Did We Really Need A 'Child's Play' Reboot? Here's What The Reviews Have To Say
AT LEAST HAMILL'S HERE TO HAM IT UP

· Updated:

To a newcomer, "Child's Play" might seem like the perfect candidate for a reboot. But Chucky's creator Don Mancini has been keeping the character alive all this time — the latest film debuted in 2017, and a TV show is in the works — and isn't involved with this reboot at all. This means the uninitiated and Chucky fans alike have a choice: check out this new take, or stick with the classic. Are you better off waiting for the TV show or seeing a different toy story in new Chucky's stead? Here's what the reviews have to say: 

This New Take On Chucky Swaps Serial Killer Possession Out For Artificial Intelligence-Gone-Awry

A disgruntled employee of tech company Kaslan Corp. removes all normal programming and safety protocols from a Best Buddi doll, which is then shipped overseas and onto the shelves of Zed Mart. The doll finds its way into the hands of Zed Mart employee Karen Barclay (Aubrey Plaza), a struggling single mom unable to afford a birthday present for her young teen Andy (Gabriel Bateman) after moving to a new neighborhood.

[Consequence of Sound]

Chucky (voiced with hyperbolic glee by Mark Hamill) has been designed to give Andy everything he wants, and for a lonely kid who resents his mom and her intrusive new boyfriend (David Lewis), that sort of wish-fulfillment can have deadly consequences.

[IndieWire]

For All Its #Relevance, This New Backstory Is Harder To Go Along With Than The Slasher Simplicity Of Yore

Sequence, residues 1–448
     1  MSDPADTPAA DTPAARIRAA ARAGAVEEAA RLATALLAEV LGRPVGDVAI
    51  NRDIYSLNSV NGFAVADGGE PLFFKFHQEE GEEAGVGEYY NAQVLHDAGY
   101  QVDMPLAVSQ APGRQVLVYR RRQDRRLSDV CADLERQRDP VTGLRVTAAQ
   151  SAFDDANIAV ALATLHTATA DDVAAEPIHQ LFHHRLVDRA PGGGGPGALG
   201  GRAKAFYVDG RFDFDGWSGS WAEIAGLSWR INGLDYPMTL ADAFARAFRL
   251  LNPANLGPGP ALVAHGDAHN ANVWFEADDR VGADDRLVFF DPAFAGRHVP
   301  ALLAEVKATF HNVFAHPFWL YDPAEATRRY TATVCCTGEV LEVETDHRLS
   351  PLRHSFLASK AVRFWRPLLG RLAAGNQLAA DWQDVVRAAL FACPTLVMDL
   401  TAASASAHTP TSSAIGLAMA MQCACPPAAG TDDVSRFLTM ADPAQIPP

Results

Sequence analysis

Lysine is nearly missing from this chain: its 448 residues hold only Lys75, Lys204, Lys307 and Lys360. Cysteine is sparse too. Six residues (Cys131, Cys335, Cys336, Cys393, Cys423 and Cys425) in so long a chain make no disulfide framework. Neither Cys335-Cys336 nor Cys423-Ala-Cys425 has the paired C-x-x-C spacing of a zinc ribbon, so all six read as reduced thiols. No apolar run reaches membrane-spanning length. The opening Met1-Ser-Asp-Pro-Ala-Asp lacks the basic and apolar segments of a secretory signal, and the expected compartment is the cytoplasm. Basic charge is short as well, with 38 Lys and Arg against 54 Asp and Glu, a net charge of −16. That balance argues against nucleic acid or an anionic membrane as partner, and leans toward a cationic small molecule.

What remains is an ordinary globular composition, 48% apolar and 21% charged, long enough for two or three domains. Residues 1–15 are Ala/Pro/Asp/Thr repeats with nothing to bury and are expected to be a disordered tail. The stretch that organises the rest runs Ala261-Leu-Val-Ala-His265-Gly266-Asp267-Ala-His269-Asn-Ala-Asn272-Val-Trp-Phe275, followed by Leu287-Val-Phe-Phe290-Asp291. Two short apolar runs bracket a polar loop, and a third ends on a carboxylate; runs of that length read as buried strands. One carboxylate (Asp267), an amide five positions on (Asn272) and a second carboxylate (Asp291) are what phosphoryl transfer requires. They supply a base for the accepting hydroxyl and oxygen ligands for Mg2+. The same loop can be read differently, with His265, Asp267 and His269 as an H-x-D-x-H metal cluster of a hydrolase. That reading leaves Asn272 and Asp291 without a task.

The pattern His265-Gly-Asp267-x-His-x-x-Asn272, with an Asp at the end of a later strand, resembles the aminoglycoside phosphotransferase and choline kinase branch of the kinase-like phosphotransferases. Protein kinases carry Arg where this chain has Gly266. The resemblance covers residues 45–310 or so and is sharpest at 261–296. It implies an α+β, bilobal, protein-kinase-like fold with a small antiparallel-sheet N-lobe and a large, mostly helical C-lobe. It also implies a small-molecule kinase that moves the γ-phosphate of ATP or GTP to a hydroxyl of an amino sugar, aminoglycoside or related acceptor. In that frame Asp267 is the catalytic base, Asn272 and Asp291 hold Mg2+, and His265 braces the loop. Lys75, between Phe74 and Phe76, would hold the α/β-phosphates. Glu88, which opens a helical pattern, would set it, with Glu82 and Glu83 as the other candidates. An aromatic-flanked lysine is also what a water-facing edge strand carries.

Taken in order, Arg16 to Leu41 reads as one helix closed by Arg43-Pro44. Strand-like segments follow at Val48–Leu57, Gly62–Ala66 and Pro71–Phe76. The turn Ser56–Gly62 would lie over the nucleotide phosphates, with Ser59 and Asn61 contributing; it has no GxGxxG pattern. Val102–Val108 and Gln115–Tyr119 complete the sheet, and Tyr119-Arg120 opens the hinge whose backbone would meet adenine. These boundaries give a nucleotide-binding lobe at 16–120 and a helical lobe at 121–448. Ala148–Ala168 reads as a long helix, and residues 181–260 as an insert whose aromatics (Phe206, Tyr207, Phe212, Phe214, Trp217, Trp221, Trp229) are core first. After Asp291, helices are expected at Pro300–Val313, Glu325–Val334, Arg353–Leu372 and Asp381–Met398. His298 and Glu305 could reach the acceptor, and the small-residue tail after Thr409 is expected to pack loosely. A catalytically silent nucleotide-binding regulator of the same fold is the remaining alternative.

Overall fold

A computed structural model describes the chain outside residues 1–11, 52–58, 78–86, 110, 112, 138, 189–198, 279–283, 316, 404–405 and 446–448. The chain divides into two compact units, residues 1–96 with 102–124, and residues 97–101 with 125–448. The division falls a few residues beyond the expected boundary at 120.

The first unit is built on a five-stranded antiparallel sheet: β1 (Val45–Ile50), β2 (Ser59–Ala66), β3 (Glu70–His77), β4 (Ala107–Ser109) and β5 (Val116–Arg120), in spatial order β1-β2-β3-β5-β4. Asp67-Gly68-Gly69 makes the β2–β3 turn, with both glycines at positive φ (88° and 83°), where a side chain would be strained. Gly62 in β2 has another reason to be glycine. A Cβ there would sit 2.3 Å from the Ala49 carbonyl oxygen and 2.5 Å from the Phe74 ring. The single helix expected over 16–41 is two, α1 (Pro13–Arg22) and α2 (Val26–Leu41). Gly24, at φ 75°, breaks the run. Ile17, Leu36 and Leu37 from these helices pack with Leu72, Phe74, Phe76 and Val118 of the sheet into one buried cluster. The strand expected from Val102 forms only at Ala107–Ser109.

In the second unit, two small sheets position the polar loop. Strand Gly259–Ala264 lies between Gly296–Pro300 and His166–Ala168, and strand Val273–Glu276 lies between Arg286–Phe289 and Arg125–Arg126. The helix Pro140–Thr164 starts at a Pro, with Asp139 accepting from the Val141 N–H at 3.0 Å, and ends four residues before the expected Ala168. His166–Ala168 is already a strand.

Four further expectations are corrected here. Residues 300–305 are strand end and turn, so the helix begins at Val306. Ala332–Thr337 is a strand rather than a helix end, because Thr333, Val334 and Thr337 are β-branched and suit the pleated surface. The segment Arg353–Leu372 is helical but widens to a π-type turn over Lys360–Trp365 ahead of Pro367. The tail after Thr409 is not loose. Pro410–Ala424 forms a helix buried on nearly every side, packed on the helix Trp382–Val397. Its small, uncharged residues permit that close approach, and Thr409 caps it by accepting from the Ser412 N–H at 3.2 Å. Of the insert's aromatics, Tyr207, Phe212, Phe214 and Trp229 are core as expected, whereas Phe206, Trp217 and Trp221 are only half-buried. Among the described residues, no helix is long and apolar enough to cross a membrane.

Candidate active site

Remember the disappointment you felt that Christmas when Santa brought you an off-brand Cabbage Patch Kids counterfeit instead of the real thing? Well, if you grew up on the "Child's Play" movies, then brace yourself for more of the same, since Buddi's expression is wrong, his glimmering-LED eyes look wonky, and no child in his right mind would want this creepy robot as a toy.

[Variety]

The original "Good Guy" doll, which was possessed by serial killer Charles Lee Ray, was a send-up of 1980s commercialism, an era when parents would practically kill to get their hands on a Cabbage Patch Kid at Christmastime. The new Chucky, a "Buddi Doll," hews closer to modern trends, has a powerful computer operating system, and gets treated more like an exciting new iPhone than a child's plaything. (It's almost/exactly like the title doesn't make sense anymore.)

[Bloody Disgusting]

Initially it seems a bit of stretch that a goofy-looking humanoid gadget dressed in dungarees could become the latest must-have household accessory, but by alluding to the real-world gamification of consumer technology Tyler Burton Smith's script goes some way to explaining the Buddi phenomenon.

[Little White Lies]

Hamill Does A Respectable Job As Chucky, But Pales In Comparison To Brad Dourif's Unhinged Original

Hamill certainly has the chops to portray a crazed killer with a humorous edge – he even sings Andy a "best buddy" song that might be the highlight of the film's weirdness.

[Entertainment Weekly]

Hamill certainly delivers his best voice acting since he played the Joker on "Batman: The Animated Series," but his icy, calculated villain has nothing on the shrieking lunatic first brought to life by Brad Dourif.

[IndieWire]


At Least This High-Tech Chucky Opens The Door To Inventive, Outrageous Slasher Antics

The ability to plug into Kaslan Corp's other smart devices means that there's no shortage of weapons at Chucky's disposal, and he'll often use several at a time for maximum blood splatter. The more he learns from his surroundings, the more gruesome it gets, culminating in a Black Friday-style nightmare.

[Little White Lies]

While this reboot never shies away from giving sly winks to the original film, it certainly opts for laughs over the scares. It's a horror-comedy in the vein of The Texas Chainsaw Massacre 2, both onscreen and in tone. And just like Tobe Hooper's divisive sequel to a heralded classic, Child's Play ups the ante on the excessive bloodshed and dark comedy alike.

[Consequence of Sound]